Pandora commits to carbon neutrality by 2025

Danish jewellery brand Pandora has pledged to go carbon neutral within the next five years.

The Copenhagen-based brand has joined the Science Based Targets initiative - a corporate collaboration for action on climate change - and before the end of next year will publish a plan to reduce emissions across its value chain in line with the Paris Agreement.

The target will see Pandora become carbon neutral in its own operations by 2025 - this includes emissions from its crafting facilities, owned and operated stores, distribution sites, and offices.

“Addressing climate change is one of the greatest challenges facing the world today, and as a large global company we have an obligation to contribute to the necessary solutions,” said CEO Alexander Lacik in a statement. “Responsible business practices such as recycling of materials and waste have always been part of Pandora’s way of operating, and we now commit to ambitious targets to reduce our carbon emissions and help drive sustainability in the jewellery industry.”

Pandora announces science-based sustainability targets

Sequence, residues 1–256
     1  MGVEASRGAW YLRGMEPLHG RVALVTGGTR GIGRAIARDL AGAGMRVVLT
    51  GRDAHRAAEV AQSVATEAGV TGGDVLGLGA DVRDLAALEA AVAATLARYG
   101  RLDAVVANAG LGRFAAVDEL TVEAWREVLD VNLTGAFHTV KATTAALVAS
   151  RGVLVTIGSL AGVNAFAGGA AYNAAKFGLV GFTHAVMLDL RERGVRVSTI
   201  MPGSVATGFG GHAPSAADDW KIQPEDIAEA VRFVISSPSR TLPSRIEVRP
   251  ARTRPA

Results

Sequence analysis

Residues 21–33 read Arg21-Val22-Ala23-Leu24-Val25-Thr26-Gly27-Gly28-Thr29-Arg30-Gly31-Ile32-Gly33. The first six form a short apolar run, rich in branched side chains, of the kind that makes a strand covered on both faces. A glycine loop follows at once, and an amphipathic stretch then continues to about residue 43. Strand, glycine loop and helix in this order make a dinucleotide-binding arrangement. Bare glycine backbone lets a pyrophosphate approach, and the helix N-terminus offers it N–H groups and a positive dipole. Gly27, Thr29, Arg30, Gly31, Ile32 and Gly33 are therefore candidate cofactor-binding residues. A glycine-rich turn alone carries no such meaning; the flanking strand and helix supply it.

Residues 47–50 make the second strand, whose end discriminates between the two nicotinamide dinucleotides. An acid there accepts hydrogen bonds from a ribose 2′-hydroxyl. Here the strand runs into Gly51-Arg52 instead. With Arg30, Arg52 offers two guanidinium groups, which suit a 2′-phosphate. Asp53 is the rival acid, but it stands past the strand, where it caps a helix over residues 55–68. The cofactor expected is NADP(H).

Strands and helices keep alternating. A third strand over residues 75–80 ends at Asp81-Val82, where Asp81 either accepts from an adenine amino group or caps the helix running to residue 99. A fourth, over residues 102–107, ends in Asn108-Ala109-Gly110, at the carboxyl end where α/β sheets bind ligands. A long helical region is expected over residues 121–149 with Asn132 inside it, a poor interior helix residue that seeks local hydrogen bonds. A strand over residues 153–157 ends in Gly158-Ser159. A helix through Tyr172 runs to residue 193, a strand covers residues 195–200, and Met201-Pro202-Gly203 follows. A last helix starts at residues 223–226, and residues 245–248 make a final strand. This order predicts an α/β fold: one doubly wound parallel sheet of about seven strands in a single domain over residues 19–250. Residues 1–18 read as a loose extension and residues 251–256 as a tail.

Additionally, the company said it aims to source 100 percent renewable electricity at its two crafting facilities in Thailand by 2020. The facilities currently account for 52 percent of the company’s emissions. In the short term, the company said it will source renewable electricity from verified solar energy providers in Thailand, while in the longer-term, it plans to increase its own production of solar power - it currently provides 3 percent of the facilities’ electricity - and engage directly in developing renewable energy projects. The company will also introduce a policy for purchasing green power for its stores.

For the remaining unavoidable emissions, which the companies estimates will be less than 5 percent of total emissions, Pandora will buy carbon offsets.

The brand also said it aims to reduce the emissions of its suppliers, with more than 90 percent of its greenhouse gas emissions currently coming from the value chain outside the company’s own operations, such as from the procurement of raw materials.

“To reduce emissions in our supply chain, we have committed to set a science-based target. In 2020, we will conduct new research to further our understanding of the carbon footprint across our different suppliers, and we will work with them to find the right scalable opportunities to reduce the carbon footprint,” said Mads Twomey-Madsen, vice president for sustainability.

Pandora joins a growing number of leading names in the fashion industry to announce carbon pledges, including French luxury conglomerate Kering, German e-tail giant Zalando, and, just this week, British supermarket chain Sainsbury’s.

Photo credit: Pandora

 

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